Background: Understanding factors influencing adolescents’ sport/exercise participation (S/EP) is vital to developing effective interventions, but currently, evidence from less developed countries is limited. The purpose of this study was to examine correlates of S/EP across individual, interpersonal, and environmental levels in a nationally representative sample of Thai adolescents. Methods: Data from 4617 Thai adolescents aged 14۱۷ years old were obtained from recruited schools across Thailand. Data on S/EP (outcome variable), and psychosocial, home, and community environment covariates were collected from individual adolescents using the Thailand Physical Activity Children Survey, Student Questionnaire. School environmental data were collected at the school level using a School Built Environment Audit. Hierarchical regressions taking into account school clustering effects were applied for data analysis. Results: At the individual level, age and body mass index were independently and strongly correlated with S/EP. Adolescents with high preference for physical activity (PA) (OR = 1.71, p < 0.001) and at least a moderate level of self-efficacy (OR = 1.33, p = 0.001) were more likely to have high S/EP. At the interpersonal level, adolescents whose parents joined their sports/exercise at least 1۲ times/week (OR = 1.36, p = 0.003) received ۳ types of parental support (OR = 1.43, p = 0.005) and who received siblings’ (OR = 1.26, p = 0.004) and friends’ (OR = 1.99, p < 0.001) support had a greater chance of high S/EP. At the environmental level, adolescents’ S/EP was greater when there were at least 3۴ pieces of home sport/exercise equipment (OR = 2.77, p = 0.003), grass areas at school (OR = 1.56, p < 0.001), and at least 1۲ PA facilities in the community (OR = 1.30, p = 0.009). Conclusion: Multiple factors at different levels within an ecological framework influencing Thai adolescents’ S/EP were generally similar to those found in developed countries, despite some differences. For those interested in promoting and supporting Thai adolescents’ engagement in sports/exercise, further exploration of the influence of self-efficacy and attitude toward PA is required at the individual level; parental and peer support at the interpersonal level; and home sport equipment, school grass areas, and neighborhood PA facilities at the environment level.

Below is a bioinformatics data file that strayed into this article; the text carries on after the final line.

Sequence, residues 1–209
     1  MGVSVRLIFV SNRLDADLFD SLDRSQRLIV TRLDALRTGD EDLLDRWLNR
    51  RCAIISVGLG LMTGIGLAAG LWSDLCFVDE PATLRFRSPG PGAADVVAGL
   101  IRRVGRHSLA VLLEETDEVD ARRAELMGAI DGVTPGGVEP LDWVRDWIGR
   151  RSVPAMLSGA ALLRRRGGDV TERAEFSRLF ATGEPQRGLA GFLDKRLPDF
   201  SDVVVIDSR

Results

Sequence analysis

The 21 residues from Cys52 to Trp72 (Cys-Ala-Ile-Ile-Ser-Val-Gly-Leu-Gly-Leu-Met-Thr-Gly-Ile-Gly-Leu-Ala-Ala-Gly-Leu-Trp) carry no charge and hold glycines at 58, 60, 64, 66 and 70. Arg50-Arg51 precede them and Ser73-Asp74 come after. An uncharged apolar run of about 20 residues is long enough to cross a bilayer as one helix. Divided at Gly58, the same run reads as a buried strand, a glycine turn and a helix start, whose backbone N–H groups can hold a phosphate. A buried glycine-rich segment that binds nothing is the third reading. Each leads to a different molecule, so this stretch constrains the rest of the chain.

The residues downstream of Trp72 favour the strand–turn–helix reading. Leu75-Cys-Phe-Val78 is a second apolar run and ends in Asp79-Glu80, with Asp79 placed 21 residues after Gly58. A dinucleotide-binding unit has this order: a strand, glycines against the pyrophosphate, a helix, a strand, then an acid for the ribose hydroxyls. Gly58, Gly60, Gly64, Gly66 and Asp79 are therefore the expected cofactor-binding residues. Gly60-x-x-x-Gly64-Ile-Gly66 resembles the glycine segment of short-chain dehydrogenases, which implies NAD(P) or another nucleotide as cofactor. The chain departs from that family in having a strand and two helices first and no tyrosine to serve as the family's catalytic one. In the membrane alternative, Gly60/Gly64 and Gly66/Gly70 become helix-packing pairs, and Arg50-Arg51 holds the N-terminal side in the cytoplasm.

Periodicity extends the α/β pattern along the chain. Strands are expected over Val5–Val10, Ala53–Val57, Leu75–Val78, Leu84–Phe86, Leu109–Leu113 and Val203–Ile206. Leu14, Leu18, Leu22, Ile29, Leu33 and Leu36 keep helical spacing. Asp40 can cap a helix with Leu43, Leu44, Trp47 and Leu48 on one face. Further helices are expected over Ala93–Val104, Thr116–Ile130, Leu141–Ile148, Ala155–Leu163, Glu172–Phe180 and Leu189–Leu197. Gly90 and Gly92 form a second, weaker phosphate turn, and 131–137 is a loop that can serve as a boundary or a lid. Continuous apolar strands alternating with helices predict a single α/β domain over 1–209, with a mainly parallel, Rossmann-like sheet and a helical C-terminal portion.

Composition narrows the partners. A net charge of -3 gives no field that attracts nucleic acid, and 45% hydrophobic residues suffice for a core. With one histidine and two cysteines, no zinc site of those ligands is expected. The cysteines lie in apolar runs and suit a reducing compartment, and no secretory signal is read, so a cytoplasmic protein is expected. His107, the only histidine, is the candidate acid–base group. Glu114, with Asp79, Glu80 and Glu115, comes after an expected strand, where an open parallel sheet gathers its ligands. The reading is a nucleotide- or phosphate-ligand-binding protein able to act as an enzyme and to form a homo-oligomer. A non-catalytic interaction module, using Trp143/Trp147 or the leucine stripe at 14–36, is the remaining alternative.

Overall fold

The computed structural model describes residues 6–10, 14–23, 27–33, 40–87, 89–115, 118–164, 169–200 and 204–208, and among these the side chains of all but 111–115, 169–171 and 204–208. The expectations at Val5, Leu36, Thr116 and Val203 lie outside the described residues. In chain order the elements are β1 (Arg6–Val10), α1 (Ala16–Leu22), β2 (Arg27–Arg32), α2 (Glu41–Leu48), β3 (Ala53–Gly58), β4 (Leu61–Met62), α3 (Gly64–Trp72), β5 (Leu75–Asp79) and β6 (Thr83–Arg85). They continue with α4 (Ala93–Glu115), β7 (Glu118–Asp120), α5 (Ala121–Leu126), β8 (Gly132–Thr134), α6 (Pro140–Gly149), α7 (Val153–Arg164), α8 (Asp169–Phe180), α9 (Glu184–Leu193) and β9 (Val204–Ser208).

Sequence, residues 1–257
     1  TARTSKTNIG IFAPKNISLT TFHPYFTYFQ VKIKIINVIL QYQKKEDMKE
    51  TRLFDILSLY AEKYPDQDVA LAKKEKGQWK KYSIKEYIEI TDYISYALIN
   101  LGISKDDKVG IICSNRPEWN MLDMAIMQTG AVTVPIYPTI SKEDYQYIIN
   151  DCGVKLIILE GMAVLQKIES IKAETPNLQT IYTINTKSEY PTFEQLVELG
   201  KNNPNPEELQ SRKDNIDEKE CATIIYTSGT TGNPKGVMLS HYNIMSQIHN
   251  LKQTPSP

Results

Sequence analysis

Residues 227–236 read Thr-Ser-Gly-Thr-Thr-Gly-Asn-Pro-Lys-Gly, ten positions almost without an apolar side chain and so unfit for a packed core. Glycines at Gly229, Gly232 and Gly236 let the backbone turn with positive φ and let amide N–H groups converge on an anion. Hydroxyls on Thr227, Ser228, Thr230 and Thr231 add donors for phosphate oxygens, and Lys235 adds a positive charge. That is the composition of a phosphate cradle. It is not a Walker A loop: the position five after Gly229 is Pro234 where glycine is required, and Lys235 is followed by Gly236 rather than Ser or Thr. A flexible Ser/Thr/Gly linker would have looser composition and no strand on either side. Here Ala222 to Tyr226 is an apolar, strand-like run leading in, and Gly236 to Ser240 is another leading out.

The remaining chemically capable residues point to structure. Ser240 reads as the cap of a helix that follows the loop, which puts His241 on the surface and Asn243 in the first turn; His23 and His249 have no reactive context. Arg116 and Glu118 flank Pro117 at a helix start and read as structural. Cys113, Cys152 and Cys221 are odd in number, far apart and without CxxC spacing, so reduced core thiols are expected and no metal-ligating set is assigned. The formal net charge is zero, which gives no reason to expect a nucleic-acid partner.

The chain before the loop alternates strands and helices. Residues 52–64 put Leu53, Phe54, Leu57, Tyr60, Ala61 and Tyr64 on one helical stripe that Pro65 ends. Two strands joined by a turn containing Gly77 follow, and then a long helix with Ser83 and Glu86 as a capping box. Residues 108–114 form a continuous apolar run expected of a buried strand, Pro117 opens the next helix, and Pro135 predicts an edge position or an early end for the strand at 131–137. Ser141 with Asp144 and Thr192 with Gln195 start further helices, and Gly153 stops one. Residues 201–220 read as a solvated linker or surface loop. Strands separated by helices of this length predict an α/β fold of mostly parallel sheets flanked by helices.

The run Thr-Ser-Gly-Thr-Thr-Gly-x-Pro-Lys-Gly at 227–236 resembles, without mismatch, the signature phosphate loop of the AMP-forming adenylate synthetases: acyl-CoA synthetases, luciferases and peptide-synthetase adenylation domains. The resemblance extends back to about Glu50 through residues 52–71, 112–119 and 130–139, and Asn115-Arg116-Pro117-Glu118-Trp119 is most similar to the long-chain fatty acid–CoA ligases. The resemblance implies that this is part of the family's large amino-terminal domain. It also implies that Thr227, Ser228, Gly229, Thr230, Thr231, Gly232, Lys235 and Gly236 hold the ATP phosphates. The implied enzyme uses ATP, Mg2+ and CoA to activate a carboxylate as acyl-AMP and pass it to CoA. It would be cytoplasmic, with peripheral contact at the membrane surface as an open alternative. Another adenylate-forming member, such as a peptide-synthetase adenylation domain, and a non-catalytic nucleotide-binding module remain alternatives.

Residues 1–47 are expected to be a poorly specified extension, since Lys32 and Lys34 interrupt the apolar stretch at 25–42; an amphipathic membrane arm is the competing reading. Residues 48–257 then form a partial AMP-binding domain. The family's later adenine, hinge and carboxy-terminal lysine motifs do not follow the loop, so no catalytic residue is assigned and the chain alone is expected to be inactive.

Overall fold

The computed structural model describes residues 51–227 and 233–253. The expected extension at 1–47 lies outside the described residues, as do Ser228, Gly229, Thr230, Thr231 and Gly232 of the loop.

Physical inactivity is a leading cause of noncommunicable diseases and mortality globally.1 Adolescent participation in physical activity (PA), especially structured activities like sports and exercise, tracks into adult PA and may reduce the incidence of some noncommunicable diseases. 2,3 However, among adolescents, sedentary behavior and insufficient PA levels are high, and both constitute a global public health concern.4 Participation in sports and exercise is significantly associated with an increased probability of adolescents’ accumulating PA of 60 min of moderate-tovigorous PA (MVPA) daily, as recommended by the World Health Organization. 5,6 In Thailand, recent studies reported that in 2015 the prevalence of sufficient PA in adolescents aged 14۱۷ years was low (20%),7 although almost half (44%) had participated in organized sports at least once a year, and 57% had engaged in ۳ sport activities in the past week.8 Similarly, the Thailand National Statistical Office reported that 21% of adolescents and young adults (aged 15۲۴ years) had participated in 3۴ days/week of moderate or vigorous sports/exercise or recreational activities.9 Understanding the factors influencing Thai adolescents’ sport/exercise participation (S/EP) will help to explain the prevalence of low PA levels in this population and facilitate the development of effective interventions to increase PA, particularly through involvement in sport and exercise. Adolescents’ S/EP can be influenced by a wide range of individual, interpersonal, and environmental factors, commonly framed as an “ecological framework.” This ecological framework overcomes several limitations of individually based behavioral and psychosocial theories and incorporates a wide range of influences at multiple levels, specifically adding intrapersonal and environmental factors.10 The present study was based on the adapted ecological framework proposed by Bauman et al.,11 a more recent concept encompassing factors ranging from individual to global. These factors interact across different levels and influence a specific health behavior such as S/EP.